Jul. 5, 2015 01:30 PM EDT Reads: 1,587
WebRTC converts the entire network into a ubiquitous communications cloud thereby connecting anytime, anywhere through any point. In his session at WebRTC Summit,, Mark Castleman, EIR at Bell Labs and Head of Future X Labs, will discuss how the transformational nature of communications is achieved through the democratizing force of WebRTC. WebRTC is doing for voice what HTML did for web content.
Jul. 5, 2015 01:00 PM EDT Reads: 1,379
Today air travel is a minefield of delays, hassles and customer disappointment. Airlines struggle to revitalize the experience. GE and M2Mi will demonstrate practical examples of how IoT solutions are helping airlines bring back personalization, reduce trip time and improve reliability. In their session at @ThingsExpo, Shyam Varan Nath, Principal Architect with GE, and Dr. Sarah Cooper, M2Mi’s VP Business Development and Engineering, will explore the IoT cloud-based platform technologies driving this change including privacy controls, data transparency and integration of real time context wi...
Jul. 5, 2015 12:00 PM EDT Reads: 1,604
Buzzword alert: Microservices and IoT at a DevOps conference? What could possibly go wrong? In this Power Panel at DevOps Summit, moderated by Jason Bloomberg, the leading expert on architecting agility for the enterprise and president of Intellyx, panelists peeled away the buzz and discuss the important architectural principles behind implementing IoT solutions for the enterprise. As remote IoT devices and sensors become increasingly intelligent, they become part of our distributed cloud environment, and we must architect and code accordingly. At the very least, you'll have no problem fillin...
Jul. 5, 2015 11:45 AM EDT Reads: 2,503
The Internet of Things is not only adding billions of sensors and billions of terabytes to the Internet. It is also forcing a fundamental change in the way we envision Information Technology. For the first time, more data is being created by devices at the edge of the Internet rather than from centralized systems. What does this mean for today's IT professional? In this Power Panel at @ThingsExpo, moderated by Conference Chair Roger Strukhoff, panelists addressed this very serious issue of profound change in the industry.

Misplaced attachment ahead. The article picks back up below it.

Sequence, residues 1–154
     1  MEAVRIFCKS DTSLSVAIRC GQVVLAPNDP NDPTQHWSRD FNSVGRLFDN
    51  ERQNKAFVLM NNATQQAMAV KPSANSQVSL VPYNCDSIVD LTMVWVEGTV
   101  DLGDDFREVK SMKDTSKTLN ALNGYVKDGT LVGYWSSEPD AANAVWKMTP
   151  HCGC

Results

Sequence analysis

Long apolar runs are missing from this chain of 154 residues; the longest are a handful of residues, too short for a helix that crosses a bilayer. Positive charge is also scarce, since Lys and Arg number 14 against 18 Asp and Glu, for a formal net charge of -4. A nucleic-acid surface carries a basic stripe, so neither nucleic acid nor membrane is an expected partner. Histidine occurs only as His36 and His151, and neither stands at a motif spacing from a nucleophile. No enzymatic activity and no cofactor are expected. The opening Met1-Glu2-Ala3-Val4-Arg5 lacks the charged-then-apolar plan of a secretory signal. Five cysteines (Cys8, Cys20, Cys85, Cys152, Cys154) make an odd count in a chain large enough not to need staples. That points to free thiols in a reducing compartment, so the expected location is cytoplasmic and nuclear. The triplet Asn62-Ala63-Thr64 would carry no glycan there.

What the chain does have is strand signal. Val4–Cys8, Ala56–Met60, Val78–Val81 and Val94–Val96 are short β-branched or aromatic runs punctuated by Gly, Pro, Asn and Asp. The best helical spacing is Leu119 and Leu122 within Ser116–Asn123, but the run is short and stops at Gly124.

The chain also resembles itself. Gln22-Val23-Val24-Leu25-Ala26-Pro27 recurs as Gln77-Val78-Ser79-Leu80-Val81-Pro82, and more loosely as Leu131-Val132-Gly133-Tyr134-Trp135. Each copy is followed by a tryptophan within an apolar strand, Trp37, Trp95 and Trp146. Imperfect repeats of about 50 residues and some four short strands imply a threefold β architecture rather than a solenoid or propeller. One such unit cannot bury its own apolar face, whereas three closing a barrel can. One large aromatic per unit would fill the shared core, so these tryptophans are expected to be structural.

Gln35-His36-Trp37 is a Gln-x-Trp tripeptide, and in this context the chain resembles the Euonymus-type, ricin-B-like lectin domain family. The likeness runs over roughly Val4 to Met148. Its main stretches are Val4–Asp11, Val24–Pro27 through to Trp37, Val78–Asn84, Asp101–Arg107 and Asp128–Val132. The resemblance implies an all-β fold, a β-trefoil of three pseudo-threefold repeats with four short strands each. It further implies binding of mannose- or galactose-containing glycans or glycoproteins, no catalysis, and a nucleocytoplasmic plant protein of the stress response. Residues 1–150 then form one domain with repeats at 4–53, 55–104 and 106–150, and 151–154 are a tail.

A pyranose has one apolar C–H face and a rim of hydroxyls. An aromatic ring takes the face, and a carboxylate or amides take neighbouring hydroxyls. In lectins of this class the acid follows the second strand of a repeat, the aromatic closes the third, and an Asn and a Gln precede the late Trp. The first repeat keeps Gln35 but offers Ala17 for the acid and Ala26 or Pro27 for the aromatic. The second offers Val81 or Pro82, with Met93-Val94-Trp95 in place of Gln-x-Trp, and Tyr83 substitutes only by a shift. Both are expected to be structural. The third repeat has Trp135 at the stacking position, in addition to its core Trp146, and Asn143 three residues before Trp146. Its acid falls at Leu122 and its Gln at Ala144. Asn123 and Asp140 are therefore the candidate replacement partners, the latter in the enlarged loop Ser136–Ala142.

Jul. 5, 2015 09:30 AM EDT Reads: 1,709
Internet of Things (IoT) will be a hybrid ecosystem of diverse devices and sensors collaborating with operational and enterprise systems to create the next big application. In their session at @ThingsExpo, Bramh Gupta, founder and CEO of robomq.io, and Fred Yatzeck, principal architect leading product development at robomq.io, discussed how choosing the right middleware and integration strategy from the get-go will enable IoT solution developers to adapt and grow with the industry, while at the same time reduce Time to Market (TTM) by using plug and play capabilities offered by a robust IoT ...
Jul. 5, 2015 09:00 AM EDT Reads: 2,439
It is one thing to build single industrial IoT applications, but what will it take to build the Smart Cities and truly society-changing applications of the future? The technology won’t be the problem, it will be the number of parties that need to work together and be aligned in their motivation to succeed. In his session at @ThingsExpo, Jason Mondanaro, Director, Product Management at Metanga, discussed how you can plan to cooperate, partner, and form lasting all-star teams to change the world and it starts with business models and monetization strategies.
Jul. 3, 2015 12:00 PM EDT Reads: 2,453
SYS-CON Events announced today that BMC will exhibit at SYS-CON's 16th International Cloud Expo®, which will take place on June 9-11, 2015, at the Javits Center in New York City, NY. BMC delivers software solutions that help IT transform digital enterprises for the ultimate competitive business advantage. BMC has worked with thousands of leading companies to create and deliver powerful IT management services. From mainframe to cloud to mobile, BMC pairs high-speed digital innovation with robust IT industrialization – allowing customers to provide amazing user experiences with optimized IT per...
Jun. 29, 2015 12:15 PM EDT Reads: 2,884
There will be 150 billion connected devices by 2020. New digital businesses have already disrupted value chains across every industry. APIs are at the center of the digital business. You need to understand what assets you have that can be exposed digitally, what their digital value chain is, and how to create an effective business model around that value chain to compete in this economy. No enterprise can be complacent and not engage in the digital economy. Learn how to be the disruptor and not the disruptee.
Jun. 29, 2015 11:00 AM EDT Reads: 2,314